Caecilians | Apoda
Apoda, also known as Gymnophiona, is an order of long, cylindrical, limbless, sightless amphibians. The members of the Apoda order are called caecillians which is a name derived from the Latin word for “sightless.” Apoda live underground in humid, tropical regions, are typically go unnoticed and are frequently not considered amphibians. Apoda feed on small soft bodied prey, mainly earthworms, that they find with two tentacles on either side of their head and catch with their strong, recurved teeth. Apoda can range in size from 4 inches to 60 inches (10-150 cm). Due to their reclusive, underground nature, not much is known about Apoda and there is still much to learn.
A caecilian’s mouth is filled with dozens of sharp needle-like teeth and they swallow their food whole. They typically eat soil-dwelling invertebrates like worms, termites, beetle pupae, and mollusks. They may also eat small snakes, frogs, lizards, and other caecilians.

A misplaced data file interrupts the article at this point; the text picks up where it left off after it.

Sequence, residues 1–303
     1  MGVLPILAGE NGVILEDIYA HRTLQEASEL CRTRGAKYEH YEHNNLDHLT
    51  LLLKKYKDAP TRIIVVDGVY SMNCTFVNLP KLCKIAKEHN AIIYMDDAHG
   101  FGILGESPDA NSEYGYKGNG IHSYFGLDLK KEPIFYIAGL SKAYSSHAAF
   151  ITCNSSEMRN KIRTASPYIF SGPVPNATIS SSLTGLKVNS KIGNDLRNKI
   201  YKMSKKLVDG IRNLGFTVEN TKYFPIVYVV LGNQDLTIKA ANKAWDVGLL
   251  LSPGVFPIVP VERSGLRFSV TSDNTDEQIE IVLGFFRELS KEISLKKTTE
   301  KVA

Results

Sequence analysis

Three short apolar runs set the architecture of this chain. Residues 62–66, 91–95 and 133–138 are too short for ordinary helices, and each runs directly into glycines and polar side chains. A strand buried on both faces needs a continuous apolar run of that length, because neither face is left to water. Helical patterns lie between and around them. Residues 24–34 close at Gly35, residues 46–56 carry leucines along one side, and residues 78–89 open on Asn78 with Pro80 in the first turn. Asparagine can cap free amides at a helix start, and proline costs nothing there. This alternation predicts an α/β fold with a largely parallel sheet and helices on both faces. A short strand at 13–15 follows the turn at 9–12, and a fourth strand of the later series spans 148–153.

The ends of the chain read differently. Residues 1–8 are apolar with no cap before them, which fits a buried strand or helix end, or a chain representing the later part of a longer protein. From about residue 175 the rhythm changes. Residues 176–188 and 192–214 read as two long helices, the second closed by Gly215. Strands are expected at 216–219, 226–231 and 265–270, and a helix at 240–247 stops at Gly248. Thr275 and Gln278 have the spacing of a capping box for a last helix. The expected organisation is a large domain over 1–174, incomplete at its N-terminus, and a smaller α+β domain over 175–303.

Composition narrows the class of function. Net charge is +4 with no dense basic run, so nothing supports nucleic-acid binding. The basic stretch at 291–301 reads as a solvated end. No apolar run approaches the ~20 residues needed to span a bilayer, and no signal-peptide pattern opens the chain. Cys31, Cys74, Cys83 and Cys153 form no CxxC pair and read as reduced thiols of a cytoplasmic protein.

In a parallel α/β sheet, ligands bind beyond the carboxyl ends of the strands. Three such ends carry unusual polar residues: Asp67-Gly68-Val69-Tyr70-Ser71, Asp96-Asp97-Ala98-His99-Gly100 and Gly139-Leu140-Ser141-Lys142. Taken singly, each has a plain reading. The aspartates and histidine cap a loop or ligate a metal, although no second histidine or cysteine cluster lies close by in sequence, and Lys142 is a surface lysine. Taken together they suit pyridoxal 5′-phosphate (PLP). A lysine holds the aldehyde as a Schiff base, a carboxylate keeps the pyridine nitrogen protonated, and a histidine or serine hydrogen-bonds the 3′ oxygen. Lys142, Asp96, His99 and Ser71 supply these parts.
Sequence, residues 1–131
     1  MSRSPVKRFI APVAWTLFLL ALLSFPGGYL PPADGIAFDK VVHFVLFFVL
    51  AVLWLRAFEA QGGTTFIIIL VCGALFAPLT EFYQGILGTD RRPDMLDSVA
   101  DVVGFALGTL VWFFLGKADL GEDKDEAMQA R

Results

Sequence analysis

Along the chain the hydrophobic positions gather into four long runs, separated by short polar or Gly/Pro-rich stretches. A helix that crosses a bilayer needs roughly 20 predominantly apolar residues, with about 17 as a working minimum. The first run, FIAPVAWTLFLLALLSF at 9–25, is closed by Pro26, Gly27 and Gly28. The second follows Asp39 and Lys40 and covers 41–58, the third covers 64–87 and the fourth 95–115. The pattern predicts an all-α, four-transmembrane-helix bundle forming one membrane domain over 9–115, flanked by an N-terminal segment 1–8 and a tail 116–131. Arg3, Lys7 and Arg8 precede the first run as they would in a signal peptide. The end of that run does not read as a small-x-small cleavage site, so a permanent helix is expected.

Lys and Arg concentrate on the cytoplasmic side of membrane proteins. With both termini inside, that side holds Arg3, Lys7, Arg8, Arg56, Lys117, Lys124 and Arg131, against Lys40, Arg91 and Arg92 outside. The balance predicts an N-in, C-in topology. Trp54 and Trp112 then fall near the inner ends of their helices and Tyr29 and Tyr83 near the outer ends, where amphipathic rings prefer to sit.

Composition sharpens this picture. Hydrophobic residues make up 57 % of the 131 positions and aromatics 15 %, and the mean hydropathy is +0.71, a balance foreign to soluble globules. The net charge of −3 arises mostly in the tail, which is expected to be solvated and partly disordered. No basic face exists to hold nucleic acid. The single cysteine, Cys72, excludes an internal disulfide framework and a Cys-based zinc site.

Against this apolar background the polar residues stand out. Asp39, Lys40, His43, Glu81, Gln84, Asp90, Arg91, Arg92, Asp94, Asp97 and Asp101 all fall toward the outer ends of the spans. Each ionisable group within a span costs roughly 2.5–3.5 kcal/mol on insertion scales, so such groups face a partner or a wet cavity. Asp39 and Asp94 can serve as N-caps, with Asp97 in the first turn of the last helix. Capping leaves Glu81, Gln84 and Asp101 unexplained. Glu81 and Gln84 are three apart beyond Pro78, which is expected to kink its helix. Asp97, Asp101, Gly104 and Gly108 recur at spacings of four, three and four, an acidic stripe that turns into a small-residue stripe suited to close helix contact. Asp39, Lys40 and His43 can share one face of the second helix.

Caecilians spend most of their lives underground and in stream substrates. Caecilians live in the wet and tropical regions of South and Central America, Africa as well as Southern Asia. Typically, they live in burrows made out of moist soil or forest litter near streams or wetlands.
Caecilians breed different than other amphibians, as they reproduce through internal fertilization. About half of caecilian species lay eggs protected by the female until hatching occurs. In other species their eggs are kept within the female’s reproductive tract. Once they hatch larvae feed on their egg yolk as well as the lining of the reproductive tract of the mother.